If you’ve visited Disneyland Paris (and you probably have, right?), then the queue for Crush’s Coaster won’t need any introduction. Not just its perpetual length and duration at any hour of the day and on any day of the year, but it’s slightly soul-crushing lack of Disney magic or ingenuity in dealing with the low capacity of this popular roller coaster.
How can an organisation like Disney, which perfected the Fastpass (proved unworkable here), not do something to improve the waiting experience? So, they did: Crush’s Coaster – The Game, an interactive smartphone game that can now be accessed via a dedicated wi-fi network within the queue area of the Toon Studio attraction.
Simply connect to “DLRPCRUSH” and the game should start right away in your browser. Using a fairly familiar format, the game sees you moving turtle Crush left and right with your finger to avoid obstacles such as rocks and jellyfish while collecting starfish. The wi-fi network can’t be used to access any other websites or services.
The game is the latest initiative in a small package of improvements at the attraction following a general refurbishment earlier in the year. In June, a new entrance booth and extended permanent queue line was unveiled (pictured top).
Incorporating a new Single Rider queue, arguably the best idea of them all, the entrance was however opened in an unfinished state and remains unfinished to this date.
Though the flat “temporary signage” (a Disneyland Paris tradition in 2014) has now been replaced with a 3D relief version and some pendant lamps added under the canopies, the wooden cabin is still lacking details such as the lamps hanging from its marquee and the window shutters, not to mention essential elements such as the electronic wait time signs, all pictured in the concept art.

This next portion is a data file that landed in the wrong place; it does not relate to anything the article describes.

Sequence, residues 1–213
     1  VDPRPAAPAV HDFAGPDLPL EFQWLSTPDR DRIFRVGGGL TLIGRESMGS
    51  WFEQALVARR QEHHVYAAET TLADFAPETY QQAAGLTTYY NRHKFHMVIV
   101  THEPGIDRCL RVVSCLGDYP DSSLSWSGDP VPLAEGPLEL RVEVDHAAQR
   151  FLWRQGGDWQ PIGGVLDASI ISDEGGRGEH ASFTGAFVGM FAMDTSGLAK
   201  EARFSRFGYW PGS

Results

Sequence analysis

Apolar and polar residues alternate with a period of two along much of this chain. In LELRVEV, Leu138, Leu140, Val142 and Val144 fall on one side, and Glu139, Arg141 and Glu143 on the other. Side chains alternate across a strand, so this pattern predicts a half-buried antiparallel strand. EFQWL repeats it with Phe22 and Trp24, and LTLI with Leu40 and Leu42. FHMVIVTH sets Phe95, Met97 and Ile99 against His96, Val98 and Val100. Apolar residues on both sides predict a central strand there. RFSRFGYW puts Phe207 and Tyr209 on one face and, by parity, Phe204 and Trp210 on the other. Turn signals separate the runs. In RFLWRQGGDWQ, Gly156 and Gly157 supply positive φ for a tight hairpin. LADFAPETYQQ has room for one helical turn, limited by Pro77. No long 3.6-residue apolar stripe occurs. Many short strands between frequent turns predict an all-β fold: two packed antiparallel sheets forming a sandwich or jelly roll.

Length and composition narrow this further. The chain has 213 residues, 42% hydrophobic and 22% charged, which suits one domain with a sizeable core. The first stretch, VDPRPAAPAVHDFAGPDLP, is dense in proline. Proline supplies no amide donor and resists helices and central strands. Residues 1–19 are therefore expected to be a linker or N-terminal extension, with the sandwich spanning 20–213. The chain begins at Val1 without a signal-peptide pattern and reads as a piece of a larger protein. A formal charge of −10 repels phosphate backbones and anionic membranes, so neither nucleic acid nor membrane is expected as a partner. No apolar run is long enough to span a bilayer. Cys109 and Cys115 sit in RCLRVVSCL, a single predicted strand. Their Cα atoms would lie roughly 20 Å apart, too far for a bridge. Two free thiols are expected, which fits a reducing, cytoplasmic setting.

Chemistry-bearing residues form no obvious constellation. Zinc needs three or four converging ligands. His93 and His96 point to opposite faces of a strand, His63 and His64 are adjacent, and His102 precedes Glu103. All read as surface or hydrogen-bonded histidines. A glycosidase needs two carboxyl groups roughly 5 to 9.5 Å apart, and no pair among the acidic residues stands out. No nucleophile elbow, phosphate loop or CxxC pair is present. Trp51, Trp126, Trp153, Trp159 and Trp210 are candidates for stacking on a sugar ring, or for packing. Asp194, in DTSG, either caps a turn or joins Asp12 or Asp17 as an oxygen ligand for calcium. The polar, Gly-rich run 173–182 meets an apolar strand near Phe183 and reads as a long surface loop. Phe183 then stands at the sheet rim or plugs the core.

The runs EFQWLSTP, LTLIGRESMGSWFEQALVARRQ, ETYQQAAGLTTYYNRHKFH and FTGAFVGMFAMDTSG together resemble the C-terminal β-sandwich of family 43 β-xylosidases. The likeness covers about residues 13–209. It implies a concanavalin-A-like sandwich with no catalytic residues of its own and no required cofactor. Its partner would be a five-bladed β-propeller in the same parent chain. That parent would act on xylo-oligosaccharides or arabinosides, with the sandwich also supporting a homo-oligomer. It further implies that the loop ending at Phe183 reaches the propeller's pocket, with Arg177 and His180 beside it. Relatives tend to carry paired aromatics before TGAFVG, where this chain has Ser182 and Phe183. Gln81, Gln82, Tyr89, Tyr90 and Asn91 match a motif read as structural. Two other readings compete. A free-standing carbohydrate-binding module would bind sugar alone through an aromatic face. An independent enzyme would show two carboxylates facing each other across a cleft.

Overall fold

A better investment were the series of three small billboards, pictured by @dlp_photos below, advertising fictional Finding Nemo-inspired businesses and causes with fun stylised illustrations of the characters — including a first appearance of Dory at the attraction.
Without doubt this kind of physical scenery and detail, albeit simple, trumps a smartphone game any day. How many people will bother to even connect to that network? How many people are really interested in playing a fairly rudimentary game? And isn’t it slightly ridiculous for a theme park to invite paying guests to turn to their own smartphones to pass the time, in lieu of anything physical to keep them entertained?
No doubt, while physical scenery and a well thought-out, atmospheric pre-show area can last forever, this game will rapidly become a forgotten anachronism as phone technology and visitor tastes evolve. At this rate, probably before the entrance booth is finished.